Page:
A: Standard HST shrinks at about 90⁰C to 100⁰C. However, there are versions where the tubing itself can withstand higher temperatures, so the shrink temperatures are also higher with ratings of 150⁰C and 200⁰C. There’s even Teflon-based HST, which combines extremely high shrink temperature of 250⁰C with extremely thin walls, so it becomes an almost invisible “skin” which does not interfere with sliding of the cable and minimizes added bulk.
Q: Cables often need to be labeled and marked; does HST interfere with this?
A: Yes, and no. Some HST materials are difficult to write on even with a special marker, while others are not. There are also standard, pre-printed HST cables (for example, marked with basic 1, 2, 3,…), and most HST vendors will custom-mark tubing, so the user only has to cut, slide it on, and shrink it. Of course, many users will choose separate label-makers, such as those from Brother, and can then print and label whatever they want, as needed.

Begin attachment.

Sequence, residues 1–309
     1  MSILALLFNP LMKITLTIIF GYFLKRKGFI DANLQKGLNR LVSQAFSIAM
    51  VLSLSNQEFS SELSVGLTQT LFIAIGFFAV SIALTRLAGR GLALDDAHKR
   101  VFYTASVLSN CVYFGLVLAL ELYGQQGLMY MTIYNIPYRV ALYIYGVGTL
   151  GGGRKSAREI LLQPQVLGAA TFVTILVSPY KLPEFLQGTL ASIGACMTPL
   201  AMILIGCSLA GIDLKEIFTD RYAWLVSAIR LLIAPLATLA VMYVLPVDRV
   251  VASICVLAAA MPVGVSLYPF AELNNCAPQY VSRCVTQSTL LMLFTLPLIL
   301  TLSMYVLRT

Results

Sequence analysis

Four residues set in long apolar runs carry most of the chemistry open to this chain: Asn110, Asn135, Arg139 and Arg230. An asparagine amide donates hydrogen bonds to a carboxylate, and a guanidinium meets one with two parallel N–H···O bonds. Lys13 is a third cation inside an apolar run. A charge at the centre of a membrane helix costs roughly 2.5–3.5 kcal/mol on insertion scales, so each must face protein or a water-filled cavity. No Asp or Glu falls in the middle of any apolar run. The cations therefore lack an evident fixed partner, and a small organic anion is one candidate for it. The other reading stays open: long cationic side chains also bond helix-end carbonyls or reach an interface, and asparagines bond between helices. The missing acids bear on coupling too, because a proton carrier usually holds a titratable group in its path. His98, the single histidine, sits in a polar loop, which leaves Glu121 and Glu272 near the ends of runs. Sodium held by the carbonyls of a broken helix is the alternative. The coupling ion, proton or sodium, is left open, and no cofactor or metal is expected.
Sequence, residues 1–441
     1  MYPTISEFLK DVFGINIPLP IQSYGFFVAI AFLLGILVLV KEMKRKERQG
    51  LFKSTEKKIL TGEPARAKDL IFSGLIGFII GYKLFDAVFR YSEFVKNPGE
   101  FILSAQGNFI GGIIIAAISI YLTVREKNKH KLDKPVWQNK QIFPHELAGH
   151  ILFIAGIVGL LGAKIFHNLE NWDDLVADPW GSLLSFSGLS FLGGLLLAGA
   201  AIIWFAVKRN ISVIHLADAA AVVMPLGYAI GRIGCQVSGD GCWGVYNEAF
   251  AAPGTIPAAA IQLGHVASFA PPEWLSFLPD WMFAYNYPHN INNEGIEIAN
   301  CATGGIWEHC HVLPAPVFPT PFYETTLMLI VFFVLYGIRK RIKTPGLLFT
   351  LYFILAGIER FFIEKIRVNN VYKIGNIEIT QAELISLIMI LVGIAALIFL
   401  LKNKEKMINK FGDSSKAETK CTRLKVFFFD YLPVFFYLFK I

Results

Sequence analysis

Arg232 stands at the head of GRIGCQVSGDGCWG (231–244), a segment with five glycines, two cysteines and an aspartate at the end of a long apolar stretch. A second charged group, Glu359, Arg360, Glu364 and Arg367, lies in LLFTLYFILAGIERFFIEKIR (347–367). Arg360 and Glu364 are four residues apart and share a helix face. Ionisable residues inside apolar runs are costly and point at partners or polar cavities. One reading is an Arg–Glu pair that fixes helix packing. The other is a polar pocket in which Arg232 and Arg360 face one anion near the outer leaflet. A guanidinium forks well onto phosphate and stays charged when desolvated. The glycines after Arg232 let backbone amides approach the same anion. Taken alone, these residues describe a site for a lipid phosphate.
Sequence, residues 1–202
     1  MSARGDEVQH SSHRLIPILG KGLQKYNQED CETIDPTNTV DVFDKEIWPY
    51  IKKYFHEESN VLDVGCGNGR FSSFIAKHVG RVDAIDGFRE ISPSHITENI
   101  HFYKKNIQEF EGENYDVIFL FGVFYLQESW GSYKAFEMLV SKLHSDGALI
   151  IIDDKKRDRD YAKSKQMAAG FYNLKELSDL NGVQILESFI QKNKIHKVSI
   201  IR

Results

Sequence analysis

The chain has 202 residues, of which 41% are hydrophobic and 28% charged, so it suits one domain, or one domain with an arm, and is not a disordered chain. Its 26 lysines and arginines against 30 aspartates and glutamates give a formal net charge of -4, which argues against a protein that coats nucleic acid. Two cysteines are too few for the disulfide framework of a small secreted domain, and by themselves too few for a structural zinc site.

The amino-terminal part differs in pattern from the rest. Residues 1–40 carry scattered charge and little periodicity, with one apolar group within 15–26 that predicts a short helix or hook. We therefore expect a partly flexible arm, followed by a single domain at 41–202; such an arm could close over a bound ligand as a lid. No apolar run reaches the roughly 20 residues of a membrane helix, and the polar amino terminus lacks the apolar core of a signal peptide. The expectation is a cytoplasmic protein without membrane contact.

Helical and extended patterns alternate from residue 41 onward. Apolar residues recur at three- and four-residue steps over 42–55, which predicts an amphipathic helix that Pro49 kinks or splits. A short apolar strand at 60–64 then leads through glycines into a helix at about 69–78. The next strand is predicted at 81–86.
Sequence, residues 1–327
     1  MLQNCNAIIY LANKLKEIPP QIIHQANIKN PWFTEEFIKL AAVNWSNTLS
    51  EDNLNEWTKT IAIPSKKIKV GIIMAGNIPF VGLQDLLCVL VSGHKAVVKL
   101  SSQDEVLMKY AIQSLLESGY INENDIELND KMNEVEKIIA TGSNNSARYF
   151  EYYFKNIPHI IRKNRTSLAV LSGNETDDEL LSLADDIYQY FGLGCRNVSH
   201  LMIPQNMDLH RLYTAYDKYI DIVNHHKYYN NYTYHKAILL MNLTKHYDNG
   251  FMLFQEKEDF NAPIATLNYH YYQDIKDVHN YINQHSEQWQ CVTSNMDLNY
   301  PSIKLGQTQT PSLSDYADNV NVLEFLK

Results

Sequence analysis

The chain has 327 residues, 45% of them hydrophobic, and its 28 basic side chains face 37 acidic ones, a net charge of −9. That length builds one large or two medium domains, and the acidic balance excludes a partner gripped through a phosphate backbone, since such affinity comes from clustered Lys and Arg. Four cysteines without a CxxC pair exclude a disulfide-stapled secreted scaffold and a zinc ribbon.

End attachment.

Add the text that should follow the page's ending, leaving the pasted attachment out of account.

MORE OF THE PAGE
Q: What are some other specialty versions?
A: Vendors offer HST with various enhanced attributes, in addition to high temperature:
On the mechanical areas, HST with extra abrasion resistance is used where the cable the HST is covering will be pulled through conduits and plenums, or be physically abused.
Other HST features additional resistance to oil and chemicals.
For applications where the HST is used not only to provide basic protection and insulation but also mechanical support, version are available with much-higher tensile strength, as much as three times.
Although the polymer of HST is a dielectric, not all-dielectric have the same voltage rating. Some HSTs feature higher-voltage dielectrics for applications which require that performance.
Q: What about regulatory codes and compliance?
A: In the temperature area, HST versions are offered which meet the UL VW-1 flame test, which defines and limits a material’s support of ongoing combustion (Figure 2). This “vertical flame” test assesses the material’s ability to resist fire along a vertically suspended wire, as the goal is to prevent the spread of fire, especially in plenums and conduits.
Q: How do you shrink the tubing?